Will Richardson, at Weblogg-ed, has another fascinating post on how technology is transforming learning. This one discusses the incredible potential of the cellphone, based on both its increasing processing power and ubiquitous availability.
My good friend Michael, at Socratica.com, is interested in the same thing. (Disclaimer: I’m involved with this project.) Michael is interested in making learning available world-wide, and while the rest of the technology community struggles with how to distribute broadband networks across Africa, perhaps there’s some sense in using the network that’s already there: mobile phones.
No one is saying (yet) that lessons somehow delivered via a 2″x3″ mobile phone screen are going to replace a teacher and a well-equipped classroom. But we’re still in the early stages of this, and there’s lots of room for exploration here. And as teachers, more than anyone, we especially need to be open to the potential.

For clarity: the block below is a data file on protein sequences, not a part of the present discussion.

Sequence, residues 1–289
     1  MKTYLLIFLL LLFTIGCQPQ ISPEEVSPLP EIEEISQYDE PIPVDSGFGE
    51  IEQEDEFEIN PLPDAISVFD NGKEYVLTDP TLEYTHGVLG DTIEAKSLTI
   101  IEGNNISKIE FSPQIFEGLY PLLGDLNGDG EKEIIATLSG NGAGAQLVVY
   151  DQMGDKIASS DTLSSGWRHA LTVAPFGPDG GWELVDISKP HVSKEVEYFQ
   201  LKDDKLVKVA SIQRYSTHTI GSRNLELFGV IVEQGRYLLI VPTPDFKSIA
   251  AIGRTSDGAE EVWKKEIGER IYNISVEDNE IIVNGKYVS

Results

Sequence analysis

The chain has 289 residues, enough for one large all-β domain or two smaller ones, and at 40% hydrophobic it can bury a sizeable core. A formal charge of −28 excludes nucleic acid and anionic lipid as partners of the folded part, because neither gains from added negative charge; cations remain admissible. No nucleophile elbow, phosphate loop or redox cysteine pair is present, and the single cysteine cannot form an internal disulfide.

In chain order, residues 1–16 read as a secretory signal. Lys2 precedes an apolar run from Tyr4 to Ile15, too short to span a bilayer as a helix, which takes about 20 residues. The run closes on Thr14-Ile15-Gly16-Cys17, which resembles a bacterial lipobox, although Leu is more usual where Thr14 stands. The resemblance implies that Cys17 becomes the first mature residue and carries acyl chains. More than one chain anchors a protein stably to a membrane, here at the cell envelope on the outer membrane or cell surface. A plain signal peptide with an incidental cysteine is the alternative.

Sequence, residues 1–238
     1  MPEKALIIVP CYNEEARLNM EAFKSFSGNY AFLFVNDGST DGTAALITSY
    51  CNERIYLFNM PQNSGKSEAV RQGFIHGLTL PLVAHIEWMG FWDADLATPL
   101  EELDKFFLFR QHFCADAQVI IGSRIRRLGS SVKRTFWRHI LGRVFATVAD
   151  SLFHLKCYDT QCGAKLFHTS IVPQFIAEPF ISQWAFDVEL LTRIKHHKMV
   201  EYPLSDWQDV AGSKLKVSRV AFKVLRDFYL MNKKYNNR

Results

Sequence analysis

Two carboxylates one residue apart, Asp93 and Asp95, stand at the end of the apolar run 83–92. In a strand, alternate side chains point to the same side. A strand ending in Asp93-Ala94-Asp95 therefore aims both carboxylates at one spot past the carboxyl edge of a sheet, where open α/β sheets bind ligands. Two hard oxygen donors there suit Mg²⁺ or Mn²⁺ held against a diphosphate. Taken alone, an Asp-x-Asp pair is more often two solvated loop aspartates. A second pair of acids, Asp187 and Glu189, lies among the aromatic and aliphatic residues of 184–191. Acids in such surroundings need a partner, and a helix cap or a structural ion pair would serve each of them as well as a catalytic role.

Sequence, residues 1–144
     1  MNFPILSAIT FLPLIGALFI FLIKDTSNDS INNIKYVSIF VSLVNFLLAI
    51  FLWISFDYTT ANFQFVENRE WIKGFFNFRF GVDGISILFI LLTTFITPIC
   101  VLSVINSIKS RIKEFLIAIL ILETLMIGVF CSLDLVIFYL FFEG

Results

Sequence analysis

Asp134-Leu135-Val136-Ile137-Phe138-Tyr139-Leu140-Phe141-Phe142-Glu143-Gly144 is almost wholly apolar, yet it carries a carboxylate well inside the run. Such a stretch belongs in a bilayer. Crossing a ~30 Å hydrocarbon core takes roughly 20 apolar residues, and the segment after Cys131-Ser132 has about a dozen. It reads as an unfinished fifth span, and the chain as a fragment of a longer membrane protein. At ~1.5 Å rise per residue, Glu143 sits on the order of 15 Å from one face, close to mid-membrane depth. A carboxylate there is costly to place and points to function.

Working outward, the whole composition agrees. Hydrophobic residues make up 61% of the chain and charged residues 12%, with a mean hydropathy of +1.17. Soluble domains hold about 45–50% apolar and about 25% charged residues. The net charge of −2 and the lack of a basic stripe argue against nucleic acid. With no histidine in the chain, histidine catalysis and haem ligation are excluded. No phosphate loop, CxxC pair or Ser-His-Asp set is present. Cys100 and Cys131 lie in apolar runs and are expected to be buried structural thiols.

Two years ago I was teaching an introductory lesson on momentum to some 9th graders in a Conceptual Physics class. “One can calculate the momentum of an object by using the formula ‘p=mass times velocity,’ where ‘p’ stands for momentum.”
“Why ‘p’?” a student asks.
“Good question,” I respond. “I have no idea. You should look that up and report back to us tomorrow.”
A few minutes pass. A student in the back of the room raises his hand.
“Mr. White, I think that the ‘p’ might stand for a Latin word related to motion.”
“Wow, Daniel, I guess that makes some sense. Newton’s Principia was written in Latin, after all. That’s really interesting. And good for you for taking Latin!”
“Oh, I’m not taking Latin, Mr. White,” a slow smile spreading on his face as he brought out his cell. “I looked it up on my iPhone!”
We need more stories like this.
P.S. It turns out that Daniel was wrong about the Latin. The truth is that no one really knows about the “p”…